Business As Usual In Court

Despite the latest exposé by investigative journalist, Anas Aremeyaw Anas, about corruption in the judiciary, several courts in Accra yesterday conducted normal business.

At the high courts, which now house the circuit courts, most of the judges were on duty hearing cases.

Lawyers on the other hand, buried their faces in the newspapers, hoping to find the names of the judges who had been caught in the web of the journalist.

Some court reporters discussed the issue in groups, expressing worry over the possible repercussions of the exposé.

While others argued that the release of the video could make their work at the court difficult, others opined that the ‘evil’ ones must be exposed.

They noted that already some judges are not media friendly and may as a result of the expose be ‘cautious’ of reporters who enter their courts to discharge their duties.

Meanwhile, the Disciplinary Committee of the Judicial Council, chaired by a Justice of the Supreme Court, constituted to investigate the petition against 22 circuit court judges and magistrates who are alleged to be involved in the scandal, has suspended them.

This follows a report that 36 superior court judges had been caught red-handed in the act of bribe taking.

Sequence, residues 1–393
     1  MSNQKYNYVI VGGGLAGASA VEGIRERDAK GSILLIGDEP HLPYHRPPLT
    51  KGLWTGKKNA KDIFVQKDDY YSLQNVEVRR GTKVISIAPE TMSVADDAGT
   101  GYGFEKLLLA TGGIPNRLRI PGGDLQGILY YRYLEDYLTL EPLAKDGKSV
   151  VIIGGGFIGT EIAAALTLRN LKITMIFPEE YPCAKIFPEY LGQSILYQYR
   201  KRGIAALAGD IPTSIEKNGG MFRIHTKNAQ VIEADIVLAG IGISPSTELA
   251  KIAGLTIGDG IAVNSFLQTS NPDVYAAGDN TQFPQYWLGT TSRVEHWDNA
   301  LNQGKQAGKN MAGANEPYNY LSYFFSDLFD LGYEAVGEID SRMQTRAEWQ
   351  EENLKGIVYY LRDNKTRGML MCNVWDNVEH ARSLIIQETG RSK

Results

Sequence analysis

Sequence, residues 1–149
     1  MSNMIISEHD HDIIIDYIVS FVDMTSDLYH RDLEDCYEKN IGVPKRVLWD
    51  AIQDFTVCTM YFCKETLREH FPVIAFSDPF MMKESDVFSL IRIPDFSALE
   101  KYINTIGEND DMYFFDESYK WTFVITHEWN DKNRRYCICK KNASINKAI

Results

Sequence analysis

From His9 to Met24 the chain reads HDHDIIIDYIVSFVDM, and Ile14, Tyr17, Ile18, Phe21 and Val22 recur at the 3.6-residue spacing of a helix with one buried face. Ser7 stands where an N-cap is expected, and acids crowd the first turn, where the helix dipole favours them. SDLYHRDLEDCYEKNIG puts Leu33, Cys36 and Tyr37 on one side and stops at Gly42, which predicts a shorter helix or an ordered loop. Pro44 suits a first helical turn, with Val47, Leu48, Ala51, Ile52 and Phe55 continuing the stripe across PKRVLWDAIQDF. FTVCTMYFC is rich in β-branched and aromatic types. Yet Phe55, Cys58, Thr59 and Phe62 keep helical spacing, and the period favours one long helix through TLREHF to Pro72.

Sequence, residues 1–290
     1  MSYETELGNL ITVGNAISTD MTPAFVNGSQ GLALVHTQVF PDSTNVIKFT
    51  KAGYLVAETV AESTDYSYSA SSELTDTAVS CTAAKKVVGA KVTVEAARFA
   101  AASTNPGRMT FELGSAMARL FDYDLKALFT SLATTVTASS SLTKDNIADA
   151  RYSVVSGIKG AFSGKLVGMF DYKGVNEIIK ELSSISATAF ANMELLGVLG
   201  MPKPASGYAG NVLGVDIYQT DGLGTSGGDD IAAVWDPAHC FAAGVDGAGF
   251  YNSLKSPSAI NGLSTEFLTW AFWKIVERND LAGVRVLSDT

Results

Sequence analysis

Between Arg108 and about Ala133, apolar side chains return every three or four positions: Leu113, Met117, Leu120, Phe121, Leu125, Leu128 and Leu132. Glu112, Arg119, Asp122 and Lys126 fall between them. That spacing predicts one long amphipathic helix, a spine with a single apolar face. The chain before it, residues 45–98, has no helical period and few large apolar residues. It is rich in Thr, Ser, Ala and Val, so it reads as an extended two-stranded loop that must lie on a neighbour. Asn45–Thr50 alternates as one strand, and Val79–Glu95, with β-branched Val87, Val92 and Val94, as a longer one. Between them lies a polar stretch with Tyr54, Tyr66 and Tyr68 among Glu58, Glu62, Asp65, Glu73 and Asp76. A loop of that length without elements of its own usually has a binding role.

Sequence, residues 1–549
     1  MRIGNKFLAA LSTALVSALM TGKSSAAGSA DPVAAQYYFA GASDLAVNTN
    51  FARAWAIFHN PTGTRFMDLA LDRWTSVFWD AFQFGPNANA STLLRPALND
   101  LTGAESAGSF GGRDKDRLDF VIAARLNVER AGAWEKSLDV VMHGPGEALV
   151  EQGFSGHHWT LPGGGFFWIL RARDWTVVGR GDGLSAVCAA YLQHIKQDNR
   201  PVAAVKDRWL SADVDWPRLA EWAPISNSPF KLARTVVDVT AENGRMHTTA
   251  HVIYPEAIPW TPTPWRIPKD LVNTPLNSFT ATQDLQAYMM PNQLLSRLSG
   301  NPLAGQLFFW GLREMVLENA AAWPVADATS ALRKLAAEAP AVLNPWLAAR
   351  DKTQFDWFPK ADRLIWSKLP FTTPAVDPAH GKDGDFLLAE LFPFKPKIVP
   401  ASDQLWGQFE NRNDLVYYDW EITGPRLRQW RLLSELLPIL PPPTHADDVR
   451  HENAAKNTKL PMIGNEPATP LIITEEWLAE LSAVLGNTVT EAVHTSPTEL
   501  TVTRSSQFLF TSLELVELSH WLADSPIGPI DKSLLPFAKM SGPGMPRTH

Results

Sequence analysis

The damning revelation contained in the latest exposé by Anas titled, ‘Ghana in the Eyes of God – Epic of Injustice,’ is expected to be premiered at the Accra International Conference Centre on September 22, 2015.

According to sources, the bribery scandal has shaken the judiciary to its very foundation, with some of the high profile judges tendering in their resignation letters, while others might have to be pushed out.

Most of the judges had handled high profile cases with questionable outcomes that shook the nation like an earth tremor.

Sources said the investigations took the journalist about two years to complete, with video and audio evidences.

When news about the exposé broke, some of the judges, according to sources, quickly dashed to the office of the Chief Justice, Georgina Wood, pleading with her not to release it; but there was little the CJ could do.

The judiciary has oftentimes been accused of corruption but little had been done to weed out the bad nuts.

It may be recalled that in 2011, four Accra-based lawyers – Dr Raymond Atuguba, David Annan, Abraham Amaliba and the late Larry Bimi – were hauled before the General Legal Council by the Association of Magistrates and Judges of Ghana (AMJ) to substantiate corruption allegations they had made against some judges.

This time around, however, according to Anas, there is hardcore evidence to pin the 36 superior court judges down to their corrupt acts.

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By Jeffrey De-Graft Johnson 


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